If a bean property is not a string and is assigned a


form component value, the value is implicitly


converted to the type of the property





Chapter 11
© 2010 by Addison Wesley Longman, Inc.


28

11.6
JavaBeans (continued)



-

<
jsp:getProperty
>

fetches a property value from a


bean and places it in the JSP document



-

Takes two attributes,
name

and
property




<
jsp:setProperty

name = ″
myBean



property = ″sum″ />




-

EL can be used to fetch a property from a bean



${myBean.sum}




-

Example


temperature conversion, again



-

Project name:
tempConvertB





午佗
index.jsp

for
tempConvertB



-

The response document (
response.jsp
)



-

Name the package
org.mypackage.convert

and


the class name
Converter





午佗
response.jsp

for
tempConvertB




Chapter 11
© 2010 by Addison Wesley Longman, Inc.


29

11.6
JavaBeans (continued)



-

Finally, the bean class



-

Right click on the project in the
Projects

list



-

Select
New
/
Java

class



-

Name the class
Converter

and the package


org.mypackage.convert



-

Type the bean into the workspace





午SW
Converter.java





Chapter 11
© 2010 by Addison Wesley Longman, Inc.


30

11.7 Model
-
View
-
Controller Application


Architecture



-

MVC cleanly separates applications into three


parts:



-

Model


the data and any restraints on it



-

View


prepares and presents results to the


user



-

Controller


controls the interactions between


the user and the application



-

Originally developed for GUI systems, but is useful


for other applications, such as Web applications



-

Three approaches to MVC with Java server


software
:



1. Pure JSP


separate JSP pages are used for the


controller and view parts; beans for the model



2. Servlets, JSP, + beans


servlets for the


controller, JSP for views, and beans for the


model



3. Servlets, JSP, and EJBs


similar to 2

Chapter 11
© 2010 by Addison Wesley Longman, Inc.


31

11.8 JavaServer Faces



-

Provides an event
-
driven user interface


programming model



-

Client
-
generated events can be connected to


server
-
side application code



-

User interfaces can be constructed with reusable


and extensible components



-

User interface state can be saved and restored


beyond the life of the server request




-

JSF allows
:



1. managing the state of components




2. processing component values



3. validating user input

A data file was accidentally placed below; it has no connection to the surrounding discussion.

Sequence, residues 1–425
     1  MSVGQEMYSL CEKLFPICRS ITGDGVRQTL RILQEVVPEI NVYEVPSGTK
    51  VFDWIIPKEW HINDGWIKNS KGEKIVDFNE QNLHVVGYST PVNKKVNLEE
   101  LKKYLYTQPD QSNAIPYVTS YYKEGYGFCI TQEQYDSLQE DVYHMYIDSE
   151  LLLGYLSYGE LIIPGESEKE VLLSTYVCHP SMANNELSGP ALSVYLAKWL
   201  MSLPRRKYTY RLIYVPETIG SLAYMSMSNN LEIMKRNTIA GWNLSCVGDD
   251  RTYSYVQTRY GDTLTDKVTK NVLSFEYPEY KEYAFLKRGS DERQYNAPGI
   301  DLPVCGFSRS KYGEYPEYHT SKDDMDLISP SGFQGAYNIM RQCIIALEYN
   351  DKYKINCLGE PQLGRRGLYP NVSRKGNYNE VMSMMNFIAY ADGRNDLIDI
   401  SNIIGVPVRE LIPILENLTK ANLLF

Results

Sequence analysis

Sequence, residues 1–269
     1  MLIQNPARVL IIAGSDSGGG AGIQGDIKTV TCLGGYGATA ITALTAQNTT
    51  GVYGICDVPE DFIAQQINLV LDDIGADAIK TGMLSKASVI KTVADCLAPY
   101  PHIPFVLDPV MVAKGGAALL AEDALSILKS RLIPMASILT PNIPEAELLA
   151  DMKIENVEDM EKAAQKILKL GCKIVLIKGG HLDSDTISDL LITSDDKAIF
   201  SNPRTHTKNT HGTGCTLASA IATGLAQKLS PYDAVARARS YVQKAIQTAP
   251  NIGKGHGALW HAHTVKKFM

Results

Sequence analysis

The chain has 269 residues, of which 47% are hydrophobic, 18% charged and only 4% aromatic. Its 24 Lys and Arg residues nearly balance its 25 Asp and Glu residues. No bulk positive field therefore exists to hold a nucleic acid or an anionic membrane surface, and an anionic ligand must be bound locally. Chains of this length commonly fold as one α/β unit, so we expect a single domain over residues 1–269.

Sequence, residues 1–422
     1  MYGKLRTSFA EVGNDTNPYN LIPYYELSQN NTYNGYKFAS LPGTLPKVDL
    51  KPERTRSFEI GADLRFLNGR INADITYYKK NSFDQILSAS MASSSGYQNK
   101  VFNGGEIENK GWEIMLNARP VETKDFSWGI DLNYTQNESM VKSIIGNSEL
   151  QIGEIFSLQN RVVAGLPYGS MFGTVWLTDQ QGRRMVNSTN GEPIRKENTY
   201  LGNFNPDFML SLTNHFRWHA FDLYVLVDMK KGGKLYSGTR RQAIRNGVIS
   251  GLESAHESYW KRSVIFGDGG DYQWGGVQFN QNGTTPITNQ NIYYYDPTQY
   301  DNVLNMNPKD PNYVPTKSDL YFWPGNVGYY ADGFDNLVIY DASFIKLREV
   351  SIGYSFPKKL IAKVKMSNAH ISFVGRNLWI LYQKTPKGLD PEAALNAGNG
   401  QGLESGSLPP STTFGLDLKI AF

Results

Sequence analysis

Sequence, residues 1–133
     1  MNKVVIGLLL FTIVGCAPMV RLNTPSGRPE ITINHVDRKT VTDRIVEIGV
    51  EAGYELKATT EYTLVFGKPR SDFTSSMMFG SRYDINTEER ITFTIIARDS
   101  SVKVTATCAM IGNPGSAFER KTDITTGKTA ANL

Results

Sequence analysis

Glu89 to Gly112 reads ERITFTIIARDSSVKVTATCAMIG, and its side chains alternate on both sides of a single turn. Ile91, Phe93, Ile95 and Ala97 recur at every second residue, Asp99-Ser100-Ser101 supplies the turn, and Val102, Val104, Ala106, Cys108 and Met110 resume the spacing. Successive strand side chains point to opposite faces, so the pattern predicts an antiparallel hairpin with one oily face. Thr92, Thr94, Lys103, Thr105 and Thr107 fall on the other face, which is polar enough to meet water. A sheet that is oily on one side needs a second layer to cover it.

4. handling user interface events




-

JSF uses beans to store and manipulate the values


of components

Chapter 11
© 2010 by Addison Wesley Longman, Inc.


32

11.8
JavaServer

Faces
(continued)



-

Tag Libraries for JSF:



-

Core Tags and HTML Tags


a total of 45 tags



-

Most JSF documents use both



-

Directives to gain access to the libraries:


<%@taglib prefix="f"


uri="http://java.sun.com/jsf/core" %>

<%@taglib prefix="h"


uri="http://java.sun.com/jsf/html" %>



-

We’ll only use one Core tag,
view



-

We’ll use three HTML tags,
form
,
outputText
,

and


inputText





-

form

is used to provide a container for the user


interface components



-

outputText

is used to display text or bean


properties



-

For literals, the literal is assigned to the
value


attribute



-

For bean properties, a JSF expression is used


Chapter 11
© 2010 by Addison Wesley Longman, Inc.


33

11.8 JavaServer Faces
(continued)



-

JSF expressions are similar to EL expressions,


except that
#

is used instead of
$



<h:outputText value =
"
#{MyBean.sum}
"

/>





-

inputText

is used to specify a text box for user


input




-

Like XHTML
input

with
type

set to

text
"




-

In most cases, the value is bound to a bean


property, using the
value

attribute


Chapter 11
© 2010 by Addison Wesley Longman, Inc.


34

11.8 JavaServer Faces
(continued)



-

A skeletal JSF document:


<!


(Initial documentation)


㱦㩶楥w㸠



<%@taglib prefix="f"


uri="http://java.sun.com/jsf/core"%>


<%@taglib prefix="h"


uri="http://java.sun.com/jsf/html"%>



<html>


<head>


...


</head>


<body>


<h:form>


<%
--

(Form components)
--
%>


</h:form>


</body>


</html>

</f:view>

Chapter 11
© 2010 by Addison Wesley Longman, Inc.


35

11.8 JavaServer Faces
(continued)



-

JSF Event Handling




-

Events are defined by either:


-

classes that implement listener interfaces


-

bean methods



-

There are three categories of events in JSF:


value
-
change
,
action
, and
data
-
model



-

Value
-
change events are raised when the value


of a component is changed



-

Action events are raised when a button is clicked